Cyber professionals are often capable of doing much, much more
than what the law allows. In their private-sector jobs, they've got
to be on the right side of the law if they don't want to end up in a
But those same skilled cyber professionals may
be able to cut loose if they were in the Army. In fact, that
potential for greater freedom in cyberspace might entice some of
those professionals to don a uniform and practice their craft safely
inside the Army tent.
As the U.S. Army grows and develops its own cyber branch, it's looking for ways to both attract the best talent, and to keep that talent on board with the Army, in the face of stiff competition with the private sector job market. (U.S. Army photo/image by Ms. Peggy Frierson
- November 2016)
It may also serve as an enticement for cyber
professionals who are already serving in the Army to stay in
the Army, the Army's vice chief of staff said.
good news is, for our cyber professionals, they can do
things in defense of our nation that they would get arrested
for in the outside world," said Vice Chief of Staff of the
Army Gen. Daniel B. Allyn Thursday, while speaking at a
cyber forum at the Association of the U.S. Army
"That's very attractive to those who
are very, very skilled and committed to the security of our
country. And for that, we are thankful for both their skill
and, just as importantly, for their desire to continue to
serve and protect our country."
The Army is currently
in the midst of growing its cyber force of commissioned
officers, noncommissioned officers, and warrant officers to
defend the Army network and apply effects against adversary
networks, if need be.
The Army has its own cyber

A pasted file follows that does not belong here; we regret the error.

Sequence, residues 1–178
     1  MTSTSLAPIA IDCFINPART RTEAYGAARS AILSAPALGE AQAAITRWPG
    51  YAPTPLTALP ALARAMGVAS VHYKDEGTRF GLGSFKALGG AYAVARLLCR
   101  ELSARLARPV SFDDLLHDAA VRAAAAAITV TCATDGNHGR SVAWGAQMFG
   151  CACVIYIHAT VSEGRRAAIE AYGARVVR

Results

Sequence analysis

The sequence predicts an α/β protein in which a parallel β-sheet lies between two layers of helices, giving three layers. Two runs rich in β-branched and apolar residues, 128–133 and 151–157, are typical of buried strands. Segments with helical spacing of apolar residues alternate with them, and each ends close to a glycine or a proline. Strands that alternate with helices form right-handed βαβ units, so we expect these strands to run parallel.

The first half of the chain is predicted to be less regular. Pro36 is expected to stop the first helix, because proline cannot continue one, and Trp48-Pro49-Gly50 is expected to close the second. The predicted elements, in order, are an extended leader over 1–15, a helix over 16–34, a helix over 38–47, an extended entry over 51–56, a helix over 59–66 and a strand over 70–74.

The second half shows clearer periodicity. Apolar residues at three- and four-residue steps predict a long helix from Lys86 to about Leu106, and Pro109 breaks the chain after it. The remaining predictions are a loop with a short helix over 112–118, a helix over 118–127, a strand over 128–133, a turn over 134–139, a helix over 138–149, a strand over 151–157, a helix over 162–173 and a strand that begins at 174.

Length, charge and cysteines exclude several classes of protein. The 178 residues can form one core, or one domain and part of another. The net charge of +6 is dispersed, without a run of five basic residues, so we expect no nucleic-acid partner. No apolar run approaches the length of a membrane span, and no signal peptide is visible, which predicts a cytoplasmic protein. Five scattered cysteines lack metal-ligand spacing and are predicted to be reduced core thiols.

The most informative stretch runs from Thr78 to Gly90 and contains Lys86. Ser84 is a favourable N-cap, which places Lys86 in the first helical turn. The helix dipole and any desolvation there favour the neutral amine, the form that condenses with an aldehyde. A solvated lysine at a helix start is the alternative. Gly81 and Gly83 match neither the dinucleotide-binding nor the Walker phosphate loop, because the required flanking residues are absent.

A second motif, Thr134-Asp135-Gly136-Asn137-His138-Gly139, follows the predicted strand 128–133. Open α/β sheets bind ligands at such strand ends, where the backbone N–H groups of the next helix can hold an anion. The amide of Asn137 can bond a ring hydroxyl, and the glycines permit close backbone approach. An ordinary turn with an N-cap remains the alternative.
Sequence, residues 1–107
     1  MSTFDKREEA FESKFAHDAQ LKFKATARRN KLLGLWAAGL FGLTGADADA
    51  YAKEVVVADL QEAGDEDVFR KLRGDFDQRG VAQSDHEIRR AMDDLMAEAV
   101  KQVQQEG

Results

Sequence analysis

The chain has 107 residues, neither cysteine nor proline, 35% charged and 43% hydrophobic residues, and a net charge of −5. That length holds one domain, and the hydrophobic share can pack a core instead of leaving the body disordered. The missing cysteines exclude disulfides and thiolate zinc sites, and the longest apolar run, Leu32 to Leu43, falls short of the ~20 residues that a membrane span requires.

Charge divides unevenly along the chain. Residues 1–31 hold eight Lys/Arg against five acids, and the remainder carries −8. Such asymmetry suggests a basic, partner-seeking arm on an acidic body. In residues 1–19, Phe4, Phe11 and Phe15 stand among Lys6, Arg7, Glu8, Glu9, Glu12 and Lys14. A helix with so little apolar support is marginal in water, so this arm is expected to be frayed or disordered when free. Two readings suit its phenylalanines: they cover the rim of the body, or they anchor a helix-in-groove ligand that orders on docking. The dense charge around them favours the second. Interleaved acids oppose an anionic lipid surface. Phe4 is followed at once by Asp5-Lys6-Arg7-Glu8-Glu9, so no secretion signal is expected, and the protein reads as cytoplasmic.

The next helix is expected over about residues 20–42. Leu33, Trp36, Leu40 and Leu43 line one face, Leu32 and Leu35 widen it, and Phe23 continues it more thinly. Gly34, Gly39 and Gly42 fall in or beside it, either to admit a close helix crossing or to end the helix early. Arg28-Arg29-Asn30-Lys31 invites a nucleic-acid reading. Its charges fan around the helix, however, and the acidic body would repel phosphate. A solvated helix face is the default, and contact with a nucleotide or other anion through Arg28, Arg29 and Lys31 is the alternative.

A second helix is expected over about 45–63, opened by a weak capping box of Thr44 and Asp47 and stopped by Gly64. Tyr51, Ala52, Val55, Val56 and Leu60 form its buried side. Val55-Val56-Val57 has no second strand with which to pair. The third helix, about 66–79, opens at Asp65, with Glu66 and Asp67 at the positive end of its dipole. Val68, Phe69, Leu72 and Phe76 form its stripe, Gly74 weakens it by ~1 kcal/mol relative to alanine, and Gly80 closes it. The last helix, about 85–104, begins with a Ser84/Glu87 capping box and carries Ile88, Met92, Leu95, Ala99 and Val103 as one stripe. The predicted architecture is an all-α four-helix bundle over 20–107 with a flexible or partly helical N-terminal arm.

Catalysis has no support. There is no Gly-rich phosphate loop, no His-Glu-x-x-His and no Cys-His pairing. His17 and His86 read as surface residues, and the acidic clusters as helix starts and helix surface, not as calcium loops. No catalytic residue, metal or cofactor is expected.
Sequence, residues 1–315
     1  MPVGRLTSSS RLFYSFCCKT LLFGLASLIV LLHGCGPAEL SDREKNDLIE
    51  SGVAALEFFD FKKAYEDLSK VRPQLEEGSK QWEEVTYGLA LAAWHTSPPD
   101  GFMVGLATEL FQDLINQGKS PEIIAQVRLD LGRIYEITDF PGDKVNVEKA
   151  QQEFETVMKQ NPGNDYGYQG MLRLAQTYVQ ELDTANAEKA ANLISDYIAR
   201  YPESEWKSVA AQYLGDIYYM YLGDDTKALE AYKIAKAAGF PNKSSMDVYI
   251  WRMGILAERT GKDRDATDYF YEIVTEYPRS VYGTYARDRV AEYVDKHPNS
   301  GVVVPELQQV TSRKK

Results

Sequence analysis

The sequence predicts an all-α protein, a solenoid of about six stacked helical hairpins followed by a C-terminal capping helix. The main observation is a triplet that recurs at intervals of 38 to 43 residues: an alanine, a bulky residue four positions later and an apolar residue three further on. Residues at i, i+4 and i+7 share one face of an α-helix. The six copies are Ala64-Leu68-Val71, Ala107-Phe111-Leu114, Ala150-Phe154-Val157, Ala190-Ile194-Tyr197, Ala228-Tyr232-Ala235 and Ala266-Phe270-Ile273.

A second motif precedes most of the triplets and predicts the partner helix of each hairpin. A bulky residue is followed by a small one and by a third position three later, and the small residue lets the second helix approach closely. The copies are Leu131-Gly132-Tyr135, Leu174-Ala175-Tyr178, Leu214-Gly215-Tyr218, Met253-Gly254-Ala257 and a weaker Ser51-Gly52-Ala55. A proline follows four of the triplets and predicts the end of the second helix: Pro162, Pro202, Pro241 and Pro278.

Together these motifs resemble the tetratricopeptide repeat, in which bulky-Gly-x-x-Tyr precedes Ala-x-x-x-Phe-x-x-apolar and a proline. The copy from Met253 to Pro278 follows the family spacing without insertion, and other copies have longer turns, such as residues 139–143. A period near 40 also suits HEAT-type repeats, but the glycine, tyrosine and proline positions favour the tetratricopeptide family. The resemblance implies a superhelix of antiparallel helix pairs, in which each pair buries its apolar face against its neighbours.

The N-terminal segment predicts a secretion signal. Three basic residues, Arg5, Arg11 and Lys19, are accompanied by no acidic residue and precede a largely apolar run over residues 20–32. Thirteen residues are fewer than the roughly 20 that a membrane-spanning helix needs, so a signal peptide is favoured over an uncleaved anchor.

branch now, career field 17, for cyber professionals, and a
schoolhouse as well at Fort Gordon, Georgia. Right now the
branch has 397 officers, 141 warrant officers and 560
enlisted Soldiers in its ranks, Allyn said.
on track fielding our cyber mission force, from 41 teams
today, to eventually a full fill of 62 total force teams,"
The Army's Cyber School stood up in 2014.
This year, 21 officers graduated. The Army is on track to
beat that number next year, Allyn said.
2017, enlisted Soldiers will for the first time attend Army
Advanced Individual Training for cyber. Also in March,
Army-developed AIT to defend the network will begin at Fort
Gordon, Georgia. Allyn said he expects an initial 300
Soldiers to graduate from that course.
retaining cyber talent remains a concern for the Army, Allyn
said. It's not just Army networks that need to be protected
-- commercial networks require protection as well -- and the
Army must compete with the private sector to attract the
best cyber talent.
One way to make Army cyber more
attractive, Allyn said, is through lateral accessions, a
strategy used in other career fields in the Army to compete
with the private sector, like medical -- where officers can
be brought in at a higher rank and higher pay.
ability to laterally access skilled professionals is
something we do already in the Army in some of our skills,"
Allyn said. "But we have recognized that this has
applicability in specialty fields like cyber. And that is
being matured and developed as an option for the chief and
Allyn said the possibility of lateral
accessions for cyber was considered as part of the Army's
"Force of the Future" analysis conducted last year.
"Not only will we have to apply new accessions tools, but we
are going to have to consider, 'How do you retain this
incredible talent?'" he said.
By U.S. Army C. Todd Lopez
Army News Service
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